Wednesday, October 25, 2006

From the Holy City of Cleveland, OH

Insane Opinions by Kevin E. Cleary
There was a story on NPR last night that followed a military translator in Iraq talking to Iraqi citizens in a remote village. The translator responded to their concerns in a condescending tone, repeatedly told them that they would see results when their own government “stepped up” in the coming year, told them not to worry about militias, etc. The man and his son asked the translator for a number of things that their village no longer had, such as a refrigerator and X-ray machine at their local clinic. Each request was met with, “I’ll see what I can do.” Finally, the two men asked for AK-47s to defend themselves. That request was met, and the men were given certificates proving that they were allowed to carry the guns.

Essentially, these men had several reasonable requests denied, were given half-hearted and empty promises, and after ten minutes of condescension from the Occupier, were given AK-47s by the same Occupier. I can’t imagine why we’re having so much trouble dealing with the insurgency in Iraq...

For some reason, this reminded me of how we treat homeless people here in America, and if we should just give up the pretense and try the same approach here. Already, we ask homeless people to stand in long lines to get on waiting lists, we treat them with condescension at almost every turn, the health care we provide is generally slightly better than in Iraq, and we promote the idea that things will magically become better once local governments have “stepped up” and implemented 10 Year Plans.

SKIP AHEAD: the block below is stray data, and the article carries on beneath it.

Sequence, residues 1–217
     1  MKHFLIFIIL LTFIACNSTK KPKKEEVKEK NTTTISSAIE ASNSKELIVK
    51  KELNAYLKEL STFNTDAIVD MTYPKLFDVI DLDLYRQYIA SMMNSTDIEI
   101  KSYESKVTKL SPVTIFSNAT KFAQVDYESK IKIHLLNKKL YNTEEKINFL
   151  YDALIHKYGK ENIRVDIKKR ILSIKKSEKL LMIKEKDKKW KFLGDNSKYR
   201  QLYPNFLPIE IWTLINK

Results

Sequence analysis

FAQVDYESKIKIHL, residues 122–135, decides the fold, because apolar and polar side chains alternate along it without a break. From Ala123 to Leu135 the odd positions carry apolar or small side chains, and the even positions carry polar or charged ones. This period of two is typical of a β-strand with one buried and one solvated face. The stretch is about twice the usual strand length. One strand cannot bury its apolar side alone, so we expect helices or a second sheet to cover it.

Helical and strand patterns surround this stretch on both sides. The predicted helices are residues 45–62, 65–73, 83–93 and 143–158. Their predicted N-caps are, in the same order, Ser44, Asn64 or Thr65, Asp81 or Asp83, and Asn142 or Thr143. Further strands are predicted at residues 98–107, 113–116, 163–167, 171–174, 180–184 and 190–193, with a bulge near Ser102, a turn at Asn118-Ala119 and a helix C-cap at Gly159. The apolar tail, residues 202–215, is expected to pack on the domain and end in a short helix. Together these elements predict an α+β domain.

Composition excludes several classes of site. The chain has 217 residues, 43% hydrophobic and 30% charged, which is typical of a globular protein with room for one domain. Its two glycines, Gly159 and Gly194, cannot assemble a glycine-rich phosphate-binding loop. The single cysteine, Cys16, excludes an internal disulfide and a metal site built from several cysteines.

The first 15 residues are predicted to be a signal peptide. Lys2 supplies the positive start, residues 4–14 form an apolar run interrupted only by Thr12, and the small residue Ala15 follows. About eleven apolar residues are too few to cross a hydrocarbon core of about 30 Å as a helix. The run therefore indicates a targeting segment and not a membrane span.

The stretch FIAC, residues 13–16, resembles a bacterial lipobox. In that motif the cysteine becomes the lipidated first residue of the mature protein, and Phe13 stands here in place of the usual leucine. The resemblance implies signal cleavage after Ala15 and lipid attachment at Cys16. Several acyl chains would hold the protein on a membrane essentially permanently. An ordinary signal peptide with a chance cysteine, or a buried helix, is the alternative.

Really, our treatment of homeless people is little better than the way we seem to be treating Iraqi citizens. In Iraq, we invaded a country that had not attacked us, sacked their despotic leader, but then let chaos run amok. We somehow still have the nerve to question why Iraqis aren’t grateful for this, and treat them like this chaos is entirely their fault. In America, we have sacked the funding for social programs, concentrated an immense amount of wealth in the hands of a few, kept wages low, and let economic chaos run amok as jobs have evaporated.

The fundamental difference is that here, we don’t give homeless people AK-47s to defend themselves. With hate crimes against homeless people on the rise, they may need them as much as Iraqi citizens. Also, if we had armed militias of homeless people demanding social change, our government might actually respond to their needs. But, then again, probably not.


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